Global talent management and inpatriate social capital building: A status inconsistency perspective

Miriam Moeller, Jane Maley, Michael Harvey, Timothy Kiessling

Research output: Contribution to journalArticle

13 Citations (Scopus)

Abstract

Distinct to expatriate managers at the subsidiary-level, inpatriate managers' influence at the headquarter (HQ)-level is controlled by the extent to which an inpatriate manager is able to 'win' status from HQ personnel. The primary goal of the paper is to conceptualize how organizational support, in the form of global talent management (GTM) practices, can alleviate inpatriates' difficulties in building social capital at HQ. Building social capital at HQ is vital for inpatriates to attain status in order to build the inter-unit social capital that enables them to pursue their boundary-spanning role across HQs and subsidiaries. Status inconsistency theory is put forward to recognize the personal, professional and structural incongruence of events and activities at HQ carried out with respect to inpatriates. We argue that inpatriate managers become empowered at HQ only when social capital is accumulated whereby social capital is driven by an acknowledgment of inpatriates as a legitimate staffing option. The relationship between GTM practices and social capital building needs to be managed properly by inpatriates themselves as well as by the organization. A future research agenda helping to build social capital of inpatriates through GTM infrastructure is discussed and propositions are offered throughout.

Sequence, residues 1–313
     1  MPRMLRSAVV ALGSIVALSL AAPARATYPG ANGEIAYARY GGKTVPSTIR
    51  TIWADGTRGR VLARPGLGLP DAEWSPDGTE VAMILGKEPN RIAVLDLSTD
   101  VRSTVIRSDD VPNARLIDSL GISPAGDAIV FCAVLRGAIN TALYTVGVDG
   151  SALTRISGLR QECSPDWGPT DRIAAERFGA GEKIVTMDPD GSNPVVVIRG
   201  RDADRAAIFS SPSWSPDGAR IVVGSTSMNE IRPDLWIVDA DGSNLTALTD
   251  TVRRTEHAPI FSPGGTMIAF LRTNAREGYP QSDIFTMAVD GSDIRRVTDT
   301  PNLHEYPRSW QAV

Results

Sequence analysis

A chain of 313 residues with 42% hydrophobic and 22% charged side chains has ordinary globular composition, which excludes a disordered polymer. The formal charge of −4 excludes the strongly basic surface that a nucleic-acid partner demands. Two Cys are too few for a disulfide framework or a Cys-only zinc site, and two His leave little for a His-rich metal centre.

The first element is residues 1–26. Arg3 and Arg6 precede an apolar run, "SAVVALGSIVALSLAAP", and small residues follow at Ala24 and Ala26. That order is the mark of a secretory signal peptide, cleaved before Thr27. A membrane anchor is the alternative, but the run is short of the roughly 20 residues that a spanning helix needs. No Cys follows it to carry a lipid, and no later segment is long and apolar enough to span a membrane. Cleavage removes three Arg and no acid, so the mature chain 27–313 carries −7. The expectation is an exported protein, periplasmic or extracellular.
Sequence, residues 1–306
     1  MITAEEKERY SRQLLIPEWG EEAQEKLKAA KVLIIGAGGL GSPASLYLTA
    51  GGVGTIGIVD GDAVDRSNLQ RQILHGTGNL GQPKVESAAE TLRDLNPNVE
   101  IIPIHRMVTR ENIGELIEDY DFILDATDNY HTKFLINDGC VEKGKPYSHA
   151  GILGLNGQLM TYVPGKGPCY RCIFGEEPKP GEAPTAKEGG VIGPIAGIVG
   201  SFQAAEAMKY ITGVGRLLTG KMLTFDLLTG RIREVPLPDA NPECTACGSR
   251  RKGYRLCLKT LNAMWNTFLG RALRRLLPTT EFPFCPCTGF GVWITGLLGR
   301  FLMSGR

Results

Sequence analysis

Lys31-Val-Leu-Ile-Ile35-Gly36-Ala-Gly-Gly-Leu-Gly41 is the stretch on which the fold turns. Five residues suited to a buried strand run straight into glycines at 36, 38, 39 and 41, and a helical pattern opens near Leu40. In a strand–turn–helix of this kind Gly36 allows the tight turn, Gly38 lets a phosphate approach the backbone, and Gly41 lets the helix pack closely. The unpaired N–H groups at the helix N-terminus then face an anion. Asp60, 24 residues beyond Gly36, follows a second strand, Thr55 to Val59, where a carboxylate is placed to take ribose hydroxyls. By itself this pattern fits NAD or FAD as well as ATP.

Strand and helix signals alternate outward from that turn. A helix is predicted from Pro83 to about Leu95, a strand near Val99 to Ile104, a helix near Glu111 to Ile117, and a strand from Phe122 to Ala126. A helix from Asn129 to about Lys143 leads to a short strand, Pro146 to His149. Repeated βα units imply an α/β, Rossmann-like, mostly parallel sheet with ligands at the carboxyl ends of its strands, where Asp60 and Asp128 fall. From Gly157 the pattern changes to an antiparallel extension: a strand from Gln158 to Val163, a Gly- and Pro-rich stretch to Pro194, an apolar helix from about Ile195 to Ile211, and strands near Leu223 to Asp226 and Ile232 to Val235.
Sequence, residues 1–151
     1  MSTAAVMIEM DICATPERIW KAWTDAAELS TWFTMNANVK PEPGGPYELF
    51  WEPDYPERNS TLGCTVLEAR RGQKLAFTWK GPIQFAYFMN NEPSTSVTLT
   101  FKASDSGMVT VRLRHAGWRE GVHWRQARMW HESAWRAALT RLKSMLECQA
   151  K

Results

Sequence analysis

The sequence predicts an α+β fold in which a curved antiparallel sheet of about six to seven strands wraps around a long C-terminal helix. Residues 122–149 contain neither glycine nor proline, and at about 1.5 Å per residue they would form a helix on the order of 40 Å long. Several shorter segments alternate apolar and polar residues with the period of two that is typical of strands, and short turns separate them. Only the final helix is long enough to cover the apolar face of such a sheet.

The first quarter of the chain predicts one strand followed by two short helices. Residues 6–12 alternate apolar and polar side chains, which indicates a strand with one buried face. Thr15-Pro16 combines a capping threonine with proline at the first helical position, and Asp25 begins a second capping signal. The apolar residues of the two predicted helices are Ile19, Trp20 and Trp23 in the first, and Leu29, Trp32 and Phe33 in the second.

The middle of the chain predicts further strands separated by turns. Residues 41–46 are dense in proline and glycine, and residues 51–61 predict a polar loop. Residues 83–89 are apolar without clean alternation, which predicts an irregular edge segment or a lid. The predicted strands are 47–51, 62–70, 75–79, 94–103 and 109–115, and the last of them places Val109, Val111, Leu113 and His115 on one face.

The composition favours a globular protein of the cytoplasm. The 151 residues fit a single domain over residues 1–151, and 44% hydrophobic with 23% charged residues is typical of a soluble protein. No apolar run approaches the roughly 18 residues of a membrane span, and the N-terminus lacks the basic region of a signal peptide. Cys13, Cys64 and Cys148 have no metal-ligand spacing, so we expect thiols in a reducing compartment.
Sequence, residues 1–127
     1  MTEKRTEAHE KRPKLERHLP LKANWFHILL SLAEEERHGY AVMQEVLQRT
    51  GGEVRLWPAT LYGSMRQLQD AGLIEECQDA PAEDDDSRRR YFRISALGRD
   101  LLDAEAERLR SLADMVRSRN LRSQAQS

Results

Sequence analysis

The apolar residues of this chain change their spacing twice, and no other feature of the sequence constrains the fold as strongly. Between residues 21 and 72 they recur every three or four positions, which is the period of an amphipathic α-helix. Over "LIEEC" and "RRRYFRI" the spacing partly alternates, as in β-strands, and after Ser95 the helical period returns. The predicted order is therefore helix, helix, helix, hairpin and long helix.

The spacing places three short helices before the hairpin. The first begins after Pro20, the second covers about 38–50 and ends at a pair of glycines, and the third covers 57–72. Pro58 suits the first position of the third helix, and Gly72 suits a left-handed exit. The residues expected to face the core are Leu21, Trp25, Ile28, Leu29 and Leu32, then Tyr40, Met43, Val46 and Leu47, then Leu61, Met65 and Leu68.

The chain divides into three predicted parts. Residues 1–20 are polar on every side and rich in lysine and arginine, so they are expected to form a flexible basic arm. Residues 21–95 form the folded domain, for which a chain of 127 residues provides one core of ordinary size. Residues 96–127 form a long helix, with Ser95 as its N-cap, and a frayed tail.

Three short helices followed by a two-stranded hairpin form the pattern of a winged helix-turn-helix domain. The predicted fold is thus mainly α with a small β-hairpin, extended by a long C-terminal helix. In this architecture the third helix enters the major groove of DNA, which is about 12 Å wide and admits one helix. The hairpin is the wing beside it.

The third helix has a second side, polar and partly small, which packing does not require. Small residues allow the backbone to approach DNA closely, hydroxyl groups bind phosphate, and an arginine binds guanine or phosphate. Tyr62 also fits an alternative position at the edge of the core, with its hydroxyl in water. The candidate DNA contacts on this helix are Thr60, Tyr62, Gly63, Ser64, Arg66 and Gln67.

Original languageEnglish
Pages (from-to)991-1012
Number of pages22
JournalInternational Journal of Human Resource Management
Volume27
Issue number9
Early online date2015
DOIs
Publication statusPublished - 2016

Fingerprint Dive into the research topics of 'Global talent management and inpatriate social capital building: A status inconsistency perspective'. Together they form a unique fingerprint.

  • Cite this